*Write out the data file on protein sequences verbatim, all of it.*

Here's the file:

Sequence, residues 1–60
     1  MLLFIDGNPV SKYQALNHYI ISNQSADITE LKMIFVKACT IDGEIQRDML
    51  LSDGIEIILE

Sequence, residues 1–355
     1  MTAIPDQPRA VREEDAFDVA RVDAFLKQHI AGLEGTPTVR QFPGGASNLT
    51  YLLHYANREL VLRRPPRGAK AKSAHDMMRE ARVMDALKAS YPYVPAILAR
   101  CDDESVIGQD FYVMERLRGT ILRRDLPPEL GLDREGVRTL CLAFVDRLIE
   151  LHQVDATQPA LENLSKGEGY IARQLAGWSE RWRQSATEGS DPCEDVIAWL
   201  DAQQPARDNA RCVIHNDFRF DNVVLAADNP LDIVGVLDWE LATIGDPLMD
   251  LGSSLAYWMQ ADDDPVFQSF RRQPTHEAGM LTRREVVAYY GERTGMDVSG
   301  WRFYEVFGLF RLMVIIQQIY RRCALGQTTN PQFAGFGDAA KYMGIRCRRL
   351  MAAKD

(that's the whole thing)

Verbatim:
Sequence, residues 1–60
     1  MLLFIDGNPV SKYQALNHYI ISNQSADITE LKMIFVKACT IDGEIQRDML
    51  LSDGIEIILE

Sequence, residues 1–355
     1  MTAIPDQPRA VREEDAFDVA RVDAFLKQHI AGLEGTPTVR QFPGGASNLT
    51  YLLHYANREL VLRRPPRGAK AKSAHDMMRE ARVMDALKAS YPYVPAILAR
   101  CDDESVIGQD FYVMERLRGT ILRRDLPPEL GLDREGVRTL CLAFVDRLIE
   151  LHQVDATQPA LENLSKGEGY IARQLAGWSE RWRQSATEGS DPCEDVIAWL
   201  DAQQPARDNA RCVIHNDFRF DNVVLAADNP LDIVGVLDWE LATIGDPLMD
   251  LGSSLAYWMQ ADDDPVFQSF RRQPTHEAGM LTRREVVAYY GERTGMDVSG
   301  WRFYEVFGLF RLMVIIQQIY RRCALGQTTN PQFAGFGDAA KYMGIRCRRL
   351  MAAKD